Hello there...well I started about 2 weeks ago learning to play the banjo...been working on Round Peak rolls...and some normal bum ditty ....i set up my banjo with a fiberskyn head and some nylgut strings...not really knowing about Classic Banjo...i was heading towards fretless playing after hearing some wonderful music.

I'm a jazz piano player by trade for over 45 years...and really didn't pay much attn to the banjo...and then going to the internet I found this music to be more than I ever expected for this instrument.

I started to see some tab charts for classical like Bach ECT. I come to you folks that know so much more than I about some way to start to play the Classic Style of music...maybe with easy tab but with the right kind of music to get my voyage started with this....regards Paul

If you want to hear my piano playing go to Paul Painter Jazz on YouTube

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Comment by Trapdoor2 on November 16, 2018 at 13:23

Hi Paul,


Since you already read the treble clef, you probably should just jump in with reading banjo notation rather than tab. There are about a dozen (or so) basic tutors available right here on this site for free download. The whole universe of classic-banjo music will be at your fingertips if you do so.

However, tab is there too...but much less so with teaching/beginning tunes. I'm a tab user and have uploaded quite a bit of tab to this site. Not much on the beginners side though.

You might check out the books by Rob MacKillop, they're in both notation and tab: https://robmackillop.net/banjo-books-by-rob-mackillop/

Do go to the "Learn To Play" section of this site. Excellent stuff there.

Comment by Paul Painter on November 16, 2018 at 15:30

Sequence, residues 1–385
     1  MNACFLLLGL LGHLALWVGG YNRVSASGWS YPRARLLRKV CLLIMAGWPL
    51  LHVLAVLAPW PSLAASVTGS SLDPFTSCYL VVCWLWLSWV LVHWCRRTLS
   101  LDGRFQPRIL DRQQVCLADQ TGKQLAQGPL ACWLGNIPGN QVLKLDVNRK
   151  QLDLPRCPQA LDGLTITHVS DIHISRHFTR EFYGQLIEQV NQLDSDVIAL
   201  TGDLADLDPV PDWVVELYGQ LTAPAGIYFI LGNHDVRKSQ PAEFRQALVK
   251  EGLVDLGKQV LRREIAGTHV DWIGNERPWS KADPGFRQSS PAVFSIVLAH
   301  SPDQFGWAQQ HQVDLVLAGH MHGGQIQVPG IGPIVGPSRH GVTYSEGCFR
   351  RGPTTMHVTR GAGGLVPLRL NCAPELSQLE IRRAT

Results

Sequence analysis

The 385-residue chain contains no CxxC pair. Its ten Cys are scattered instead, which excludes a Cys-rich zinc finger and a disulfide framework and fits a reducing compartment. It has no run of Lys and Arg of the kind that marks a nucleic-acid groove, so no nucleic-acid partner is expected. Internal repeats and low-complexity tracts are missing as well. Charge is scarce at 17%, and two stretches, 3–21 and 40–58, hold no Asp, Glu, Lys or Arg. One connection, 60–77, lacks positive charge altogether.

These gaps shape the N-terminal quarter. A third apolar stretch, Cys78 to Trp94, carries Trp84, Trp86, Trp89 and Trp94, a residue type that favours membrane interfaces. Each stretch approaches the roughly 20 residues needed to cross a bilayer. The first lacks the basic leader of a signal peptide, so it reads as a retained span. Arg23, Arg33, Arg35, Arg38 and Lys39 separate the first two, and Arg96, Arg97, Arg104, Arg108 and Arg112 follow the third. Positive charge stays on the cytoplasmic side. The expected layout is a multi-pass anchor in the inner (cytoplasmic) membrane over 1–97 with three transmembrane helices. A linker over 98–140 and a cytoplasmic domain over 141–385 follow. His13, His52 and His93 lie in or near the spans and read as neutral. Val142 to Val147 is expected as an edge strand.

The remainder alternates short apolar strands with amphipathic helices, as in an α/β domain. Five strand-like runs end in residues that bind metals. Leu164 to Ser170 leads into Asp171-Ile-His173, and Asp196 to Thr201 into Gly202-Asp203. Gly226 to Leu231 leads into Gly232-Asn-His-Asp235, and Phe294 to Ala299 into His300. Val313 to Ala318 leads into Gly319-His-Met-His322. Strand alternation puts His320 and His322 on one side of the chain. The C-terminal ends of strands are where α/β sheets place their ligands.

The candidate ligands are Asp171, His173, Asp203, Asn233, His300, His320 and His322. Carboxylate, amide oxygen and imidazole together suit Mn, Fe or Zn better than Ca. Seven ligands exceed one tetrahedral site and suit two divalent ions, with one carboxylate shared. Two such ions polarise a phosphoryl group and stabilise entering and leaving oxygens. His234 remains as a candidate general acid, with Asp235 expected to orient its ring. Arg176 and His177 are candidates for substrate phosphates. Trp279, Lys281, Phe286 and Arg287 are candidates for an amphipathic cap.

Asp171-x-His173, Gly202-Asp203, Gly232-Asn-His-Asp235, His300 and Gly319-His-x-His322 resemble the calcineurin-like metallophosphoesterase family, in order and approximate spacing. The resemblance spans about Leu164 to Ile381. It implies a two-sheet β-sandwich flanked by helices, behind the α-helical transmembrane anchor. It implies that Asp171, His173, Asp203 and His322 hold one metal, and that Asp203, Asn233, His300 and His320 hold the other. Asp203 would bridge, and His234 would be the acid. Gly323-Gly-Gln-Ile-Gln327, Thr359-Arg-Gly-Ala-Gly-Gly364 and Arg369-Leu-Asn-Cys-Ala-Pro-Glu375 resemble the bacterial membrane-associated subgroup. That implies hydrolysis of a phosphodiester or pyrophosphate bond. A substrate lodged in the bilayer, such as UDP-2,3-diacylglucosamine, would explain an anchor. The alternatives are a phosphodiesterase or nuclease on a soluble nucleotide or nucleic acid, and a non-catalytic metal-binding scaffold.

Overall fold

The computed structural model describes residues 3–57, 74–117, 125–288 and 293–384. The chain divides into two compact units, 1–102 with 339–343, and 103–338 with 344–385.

Thanks for the reply! I will do both I think...the tab gets me used to the higher notes being on the bottom of the instrument...that warps my mind! Hi hi hi...and yes I have done a little reading yesterday...im just very new...about 2 weeks into it...i don't know these songs so the recordings I believe will be useful to me.

I put the nylgut strings on my banjo not knowing that anyone has fitted their fretted instruments like that...so you can imagine my delight to see this site!

Again thanks for getting back to me...regards Paul

Comment by Joel Hooks on November 16, 2018 at 16:23

Hello Paul!

I recommend giving yourself a course of study.  The course I am most fond of (currently) is the "Mel Bay Banjo Method Concert Style" by Frank C. Bradbury.  It is still in print if you want a hard copy, or you can buy a digital copy and print your own.

Frank Bradbury wrote two books for regular banjo.  The first was in the 1920s (and can be found for free on this site).  It is good, but not great.  The Mel Bay version (which has some very similar material including more than a few of the same pieces in new arrangements and a lot of similar exercises) was published in the 1960s and reflects the 40 years of his teaching experience-- it is great.

If you knuckle down and work through the book (with your reading skills it should take you just a few months) then you will be done with all the basics and will be able to play any piece that you want at your skill level.

The other option is to get some TAB and spend the next three months learning two or three pieces, number by number.  This option will leave you with the ability to play a few pieces but that is all.

I would recommend the first option. Takes the same amount of time but opens the door to the tens of thousands of pieces published for banjo.

While TAB has been found as a useful path for many people (including myself at first) for "jumping right in," my one major regret was not just starting with a course of study and being done with it.

Comment by Paul Painter on November 16, 2018 at 16:34

Hi Joel...yes I agree with you with a course of action..and I will follow this advice...just for now using the tab to get my feet wet...but right along with this I have read the music..so thanks for your advice..i do believe it's sound! Regards Paul

Comment by Paul Painter on November 16, 2018 at 16:58

Joel...i just found the Mel bay concert in "C" and it's on the way...regards Paul

Comment by Jody Stecher on November 17, 2018 at 14:21